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November 2000

The leading index decreased 0.3 percent in November, and the coincident index increased 0.1 percent. Taken together, the composite indexes point to a potential slowing in the German economy in early 2001.

  • The general weakness in the leading index in recent months continues. Since reaching its highest value in February 2000, the leading index has declined slightly.
  • The strong trend in the coincident index seen in the first half of this year is not likely to be repeated in the first half of the next year.

LEADING INDICATORS.  Five of the nine components of the leading index had negative impacts on the leading index in November. The negative contributors to the leading index —in order from the largest negative contributor to smallest— are CPI for services, inventory change, yield spread, residential construction orders, and stock prices. Three components increased in November. The positive contributors —in order from the largest to smallest— are consumer confidence, applications for unemployment compensation, and new orders in investment goods. Gross enterprise and property income remained steady in November. (For details see data availability section and tables). 

With the decrease of 0.3 percent in November, the leading index now stands at 107.1 (1990=100). Based on revised data, this index decreased 0.1 percent in October and held steady in September. During the six-month span through November, the leading index declined 0.5 percent, and only four of the nine components increased (diffusion index, six-month span equals 44.4 percent).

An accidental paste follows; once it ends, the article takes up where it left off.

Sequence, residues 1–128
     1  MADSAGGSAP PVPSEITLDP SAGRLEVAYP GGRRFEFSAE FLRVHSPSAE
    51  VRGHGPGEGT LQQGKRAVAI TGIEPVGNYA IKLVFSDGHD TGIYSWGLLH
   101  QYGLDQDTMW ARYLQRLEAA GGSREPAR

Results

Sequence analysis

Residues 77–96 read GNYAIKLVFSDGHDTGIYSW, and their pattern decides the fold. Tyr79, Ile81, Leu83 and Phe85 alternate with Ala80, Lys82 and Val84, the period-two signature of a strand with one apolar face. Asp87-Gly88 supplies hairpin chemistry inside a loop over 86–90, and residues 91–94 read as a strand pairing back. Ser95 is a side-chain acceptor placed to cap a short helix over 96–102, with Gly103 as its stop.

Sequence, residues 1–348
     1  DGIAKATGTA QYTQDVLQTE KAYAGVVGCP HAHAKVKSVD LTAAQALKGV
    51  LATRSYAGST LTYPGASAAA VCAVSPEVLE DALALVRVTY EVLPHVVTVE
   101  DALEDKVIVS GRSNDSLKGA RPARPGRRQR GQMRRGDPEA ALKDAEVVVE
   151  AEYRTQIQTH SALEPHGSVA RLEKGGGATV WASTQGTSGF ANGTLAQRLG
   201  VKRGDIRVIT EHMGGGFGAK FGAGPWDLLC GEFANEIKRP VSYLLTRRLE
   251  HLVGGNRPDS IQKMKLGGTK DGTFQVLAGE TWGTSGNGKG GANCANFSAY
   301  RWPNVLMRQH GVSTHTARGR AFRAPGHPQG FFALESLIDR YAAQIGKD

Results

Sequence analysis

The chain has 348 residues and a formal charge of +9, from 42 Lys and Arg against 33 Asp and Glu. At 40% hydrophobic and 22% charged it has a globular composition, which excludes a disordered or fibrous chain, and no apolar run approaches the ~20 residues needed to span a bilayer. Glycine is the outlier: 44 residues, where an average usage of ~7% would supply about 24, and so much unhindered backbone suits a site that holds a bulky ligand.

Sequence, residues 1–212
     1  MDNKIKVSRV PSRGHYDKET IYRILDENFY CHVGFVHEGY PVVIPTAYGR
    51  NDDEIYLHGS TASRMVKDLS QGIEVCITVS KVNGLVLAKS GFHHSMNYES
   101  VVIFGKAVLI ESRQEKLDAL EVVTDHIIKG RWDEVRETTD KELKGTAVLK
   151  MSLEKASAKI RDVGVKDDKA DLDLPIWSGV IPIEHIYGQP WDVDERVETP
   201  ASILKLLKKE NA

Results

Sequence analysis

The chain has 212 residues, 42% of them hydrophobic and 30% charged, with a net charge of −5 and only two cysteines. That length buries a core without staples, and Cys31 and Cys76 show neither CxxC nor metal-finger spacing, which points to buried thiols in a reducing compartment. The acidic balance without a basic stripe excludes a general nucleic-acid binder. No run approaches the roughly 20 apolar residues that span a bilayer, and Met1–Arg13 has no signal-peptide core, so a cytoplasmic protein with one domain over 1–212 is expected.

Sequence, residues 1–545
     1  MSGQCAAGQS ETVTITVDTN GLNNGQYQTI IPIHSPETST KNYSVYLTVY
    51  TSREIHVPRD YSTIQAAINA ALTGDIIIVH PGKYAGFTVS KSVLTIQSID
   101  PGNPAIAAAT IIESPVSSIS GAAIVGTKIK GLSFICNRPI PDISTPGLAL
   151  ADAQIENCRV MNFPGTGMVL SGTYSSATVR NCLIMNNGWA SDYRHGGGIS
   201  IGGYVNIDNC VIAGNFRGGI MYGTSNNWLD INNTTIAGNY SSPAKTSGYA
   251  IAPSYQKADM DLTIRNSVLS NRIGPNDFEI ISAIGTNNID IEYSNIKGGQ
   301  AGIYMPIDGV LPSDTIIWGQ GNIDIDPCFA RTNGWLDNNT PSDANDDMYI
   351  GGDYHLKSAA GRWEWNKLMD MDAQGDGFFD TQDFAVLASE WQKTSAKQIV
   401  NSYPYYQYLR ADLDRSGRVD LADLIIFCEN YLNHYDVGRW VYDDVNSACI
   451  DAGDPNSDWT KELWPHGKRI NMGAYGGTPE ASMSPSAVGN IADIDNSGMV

COINCIDENT INDICATORS. Three of the five components of the coincident index increased in November. The increases —in order from the largest positive contributor to the smallest— are gross domestic product, unemployment rate, and manufacturing sales. Industrial production and retail trade remained steady in November. (For details see data availability section and tables).

With the increase of 0.1 percent in November, the coincident index stands at 108.7 (1990=100). Based on revised data, this index increased 0.1 percent in October, and increased 0.2 percent in September. During the six-month period through November, the coincident index increased 0.7 percent, with four out of five series making positive contributions (diffusion index, six-month span equals 80 percent).

DATA AVAILABILITY.  The data series used to compute the two composite indexes reported in the tables in this release are those available "as of" 10 A.M. CET (Germany) on December 24, 2000. At the time of the release, recent data for several of the series are based on estimates. In the leading index, new orders for investment goods industries, applications for unemployment compensation, yield spread, consumer confidence index, change in inventories, new residential construction orders and gross enterprises and properties income are based on estimates. In the coincident index, recent data for gross domestic product, industrial production, manufacturing sales and retail trade are also based on estimates.

The schedule for the Germany Leading Economic Indicators news release in 2000:
December 2000 data ... Tuesday January 30, 2001
January 2001 data ... Tuesday February 27, 2001
February 2001 data ... Tuesday March 27, 2001
March 2001 data ... Thursday April 26, 2001
April 2001 data ... Tuesday May 29, 2001
May 2001 data ... Thursday June 28, 2001

All releases are at 9:30 A.M. EST

As of January 2001, all components of the leading and coincident indexes will go through annual benchmark revisions.